Reducing class size in an era of reduced state budgets

16 Jun

In Battle of the studies: Does class size matter? Moi said:

There is an ongoing discussion or battle about whether class size matters in effective learning. Class size reduction theory has both supporters and skeptics. Leonie Hamson writes in the Washington Post article, 7 Class Size Myths — And the Truth There is of course, a contrary opinion. The Center for American Progress has a report by Mathew M. Chingos, The False Promise of Class-Size Reduction

In the Executive Summary Chingos reports:

There is surprisingly little high-quality research, however, on the effects of class size on student achievement in the United States. The credible evidence that does exist is not consistent, and there are many low-quality studies

with results all over the map. The most encouraging results for CSR come from a single experiment conducted in the 1980s, which found that a large reduction in class size in the early grades increased test scores, particularly among low-income and African American students. But evaluations of large-scale CSR policies in California and Florida have yielded much less positive results, perhaps because of the need to hire so many (inexperienced and potentially less effective) new teachers.

Chingos does not believe the advocates for smaller class size have made their case.

Suzy Kihmm reports in the Washington Post article, Study: Class size doesn’t matter:

Two Harvard researchers looked at the factors that actually improve student achievement and those that don’t. In a new paper for the National Bureau of Economic Research, Will Dobbie and Roland Freyer analyzed 35 charter schools, which generally have greater flexibility in terms of school structure and strategy. They found that traditionally emphasized factors such as class size made little difference, compared with some new criteria:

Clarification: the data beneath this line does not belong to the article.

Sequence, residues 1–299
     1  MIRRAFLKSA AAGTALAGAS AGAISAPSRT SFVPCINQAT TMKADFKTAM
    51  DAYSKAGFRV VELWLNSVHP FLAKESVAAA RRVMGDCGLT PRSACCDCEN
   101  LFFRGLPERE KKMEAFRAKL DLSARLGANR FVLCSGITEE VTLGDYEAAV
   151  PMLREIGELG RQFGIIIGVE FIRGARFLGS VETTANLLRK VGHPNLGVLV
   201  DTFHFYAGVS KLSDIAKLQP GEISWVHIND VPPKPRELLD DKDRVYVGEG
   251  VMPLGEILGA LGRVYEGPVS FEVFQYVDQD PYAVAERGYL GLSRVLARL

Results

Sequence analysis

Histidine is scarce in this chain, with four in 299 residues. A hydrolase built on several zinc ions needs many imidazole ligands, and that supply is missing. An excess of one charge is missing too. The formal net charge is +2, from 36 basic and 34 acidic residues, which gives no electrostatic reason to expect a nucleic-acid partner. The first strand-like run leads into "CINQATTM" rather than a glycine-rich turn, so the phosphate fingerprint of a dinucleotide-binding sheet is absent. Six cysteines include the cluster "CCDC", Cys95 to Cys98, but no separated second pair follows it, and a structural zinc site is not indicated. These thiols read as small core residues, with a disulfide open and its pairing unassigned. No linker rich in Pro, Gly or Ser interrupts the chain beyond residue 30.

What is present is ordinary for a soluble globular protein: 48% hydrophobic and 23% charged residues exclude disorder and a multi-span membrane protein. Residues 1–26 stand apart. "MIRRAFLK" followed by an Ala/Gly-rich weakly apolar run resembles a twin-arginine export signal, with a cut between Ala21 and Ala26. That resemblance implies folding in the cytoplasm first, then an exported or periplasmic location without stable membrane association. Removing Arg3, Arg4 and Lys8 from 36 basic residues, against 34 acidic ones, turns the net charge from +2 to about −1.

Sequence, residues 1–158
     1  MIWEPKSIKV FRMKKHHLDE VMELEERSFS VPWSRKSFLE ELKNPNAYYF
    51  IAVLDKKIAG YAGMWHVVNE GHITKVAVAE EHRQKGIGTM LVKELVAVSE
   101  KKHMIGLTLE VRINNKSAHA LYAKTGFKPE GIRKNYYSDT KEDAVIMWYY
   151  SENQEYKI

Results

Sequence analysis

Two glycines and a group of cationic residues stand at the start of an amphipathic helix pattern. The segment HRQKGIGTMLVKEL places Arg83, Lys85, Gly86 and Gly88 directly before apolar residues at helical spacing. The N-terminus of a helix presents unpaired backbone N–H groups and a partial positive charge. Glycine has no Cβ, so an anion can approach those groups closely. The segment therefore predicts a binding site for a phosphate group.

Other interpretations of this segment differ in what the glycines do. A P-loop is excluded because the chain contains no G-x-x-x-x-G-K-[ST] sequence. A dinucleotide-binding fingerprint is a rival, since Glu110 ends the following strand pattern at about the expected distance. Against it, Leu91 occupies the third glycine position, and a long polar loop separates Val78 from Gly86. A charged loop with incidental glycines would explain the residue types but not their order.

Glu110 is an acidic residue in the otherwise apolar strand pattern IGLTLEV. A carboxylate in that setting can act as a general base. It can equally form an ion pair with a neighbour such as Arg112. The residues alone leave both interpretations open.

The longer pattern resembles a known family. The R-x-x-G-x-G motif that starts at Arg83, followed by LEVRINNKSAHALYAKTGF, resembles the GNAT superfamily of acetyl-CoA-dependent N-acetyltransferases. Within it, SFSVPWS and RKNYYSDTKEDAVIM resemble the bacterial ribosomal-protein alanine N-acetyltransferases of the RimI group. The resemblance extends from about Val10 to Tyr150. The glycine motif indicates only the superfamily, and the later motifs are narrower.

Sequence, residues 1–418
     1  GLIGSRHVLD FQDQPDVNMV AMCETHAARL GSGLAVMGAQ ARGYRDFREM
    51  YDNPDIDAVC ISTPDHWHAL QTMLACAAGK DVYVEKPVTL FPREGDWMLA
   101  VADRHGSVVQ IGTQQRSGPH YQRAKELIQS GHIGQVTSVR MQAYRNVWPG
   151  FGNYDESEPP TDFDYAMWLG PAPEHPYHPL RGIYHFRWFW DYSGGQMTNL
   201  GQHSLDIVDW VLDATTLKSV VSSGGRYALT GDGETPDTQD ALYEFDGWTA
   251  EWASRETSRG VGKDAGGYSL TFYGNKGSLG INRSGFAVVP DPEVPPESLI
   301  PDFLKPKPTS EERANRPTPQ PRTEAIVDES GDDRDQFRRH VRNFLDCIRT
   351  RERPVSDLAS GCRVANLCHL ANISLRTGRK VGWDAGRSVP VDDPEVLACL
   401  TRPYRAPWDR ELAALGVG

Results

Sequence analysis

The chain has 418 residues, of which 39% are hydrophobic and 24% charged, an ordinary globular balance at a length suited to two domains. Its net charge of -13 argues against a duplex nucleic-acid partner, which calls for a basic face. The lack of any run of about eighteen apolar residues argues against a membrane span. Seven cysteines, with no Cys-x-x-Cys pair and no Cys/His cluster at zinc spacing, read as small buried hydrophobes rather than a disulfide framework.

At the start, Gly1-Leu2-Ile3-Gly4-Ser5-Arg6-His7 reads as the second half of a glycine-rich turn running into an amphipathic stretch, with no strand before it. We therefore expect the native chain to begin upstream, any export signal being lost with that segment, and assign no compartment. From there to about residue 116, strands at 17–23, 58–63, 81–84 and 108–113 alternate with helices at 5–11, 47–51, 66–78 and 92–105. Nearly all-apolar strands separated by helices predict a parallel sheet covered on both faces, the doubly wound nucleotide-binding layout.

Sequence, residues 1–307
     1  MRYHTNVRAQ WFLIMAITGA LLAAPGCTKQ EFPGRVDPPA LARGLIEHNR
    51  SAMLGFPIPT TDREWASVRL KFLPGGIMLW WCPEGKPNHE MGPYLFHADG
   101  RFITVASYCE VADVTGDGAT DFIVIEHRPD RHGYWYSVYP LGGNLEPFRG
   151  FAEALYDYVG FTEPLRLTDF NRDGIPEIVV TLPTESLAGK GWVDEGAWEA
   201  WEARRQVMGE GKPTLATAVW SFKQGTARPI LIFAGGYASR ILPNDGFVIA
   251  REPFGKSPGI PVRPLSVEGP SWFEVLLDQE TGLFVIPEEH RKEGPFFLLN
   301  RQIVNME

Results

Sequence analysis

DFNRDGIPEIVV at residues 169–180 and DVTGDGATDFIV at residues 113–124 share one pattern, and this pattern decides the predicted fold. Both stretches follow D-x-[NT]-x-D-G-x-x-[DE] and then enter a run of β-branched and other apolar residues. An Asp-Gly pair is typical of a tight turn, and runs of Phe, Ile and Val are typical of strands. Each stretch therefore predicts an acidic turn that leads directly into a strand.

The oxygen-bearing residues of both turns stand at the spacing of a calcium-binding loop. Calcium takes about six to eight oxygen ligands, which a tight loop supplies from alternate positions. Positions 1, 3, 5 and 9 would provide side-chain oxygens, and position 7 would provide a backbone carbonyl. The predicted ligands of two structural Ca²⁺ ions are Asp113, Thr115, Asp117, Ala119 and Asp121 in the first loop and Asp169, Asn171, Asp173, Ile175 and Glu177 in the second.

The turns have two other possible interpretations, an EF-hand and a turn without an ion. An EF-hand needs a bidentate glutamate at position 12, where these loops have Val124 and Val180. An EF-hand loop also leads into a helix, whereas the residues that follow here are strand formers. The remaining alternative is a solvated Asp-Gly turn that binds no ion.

We find that traditionally collected input measures — class size, per pupil expenditure, the fraction of teachers with no certification, and the fraction of teachers with an advanced degree — are not correlated with school effectiveness. In stark contrast, we show that an index of five policies suggested by over forty years of qualitative research — frequent teacher feedback, the use of data to guide instruction, high-dosage tutoring, increased instructional time, and high expectations — explains approximately 50 percent of the of the variation in school effectiveness.

As state and local budgets shrink, class size reduction is shelved in favor of increasing class size.

Gregory Kristof writes in the Huffington Post article, Class Size Increases Should Focus On Higher Grades, Smaller Classes Critical In Early Years: Study:

Small class sizes are crucial for learning at the younger grades, but may be less important as children mature, according to a new study.

The report, called “Smart Class-Size Policies for Lean Times” and released in March by the Southern Regional Educational Board, comes as state education departments have repeatedly cut costs by increasing class sizes, and when critics are questioning the significance of small classes and the success of liberal education reform policies.

Complicating matters is the high cost of reducing class size — one of the most expensive education reforms. Lowering the nationwide average K-12 class size would cost $10 billion a year, the report finds. Furthermore, decreasing class size would require more teacher positions to be filled, and could lower average teacher quality in the process.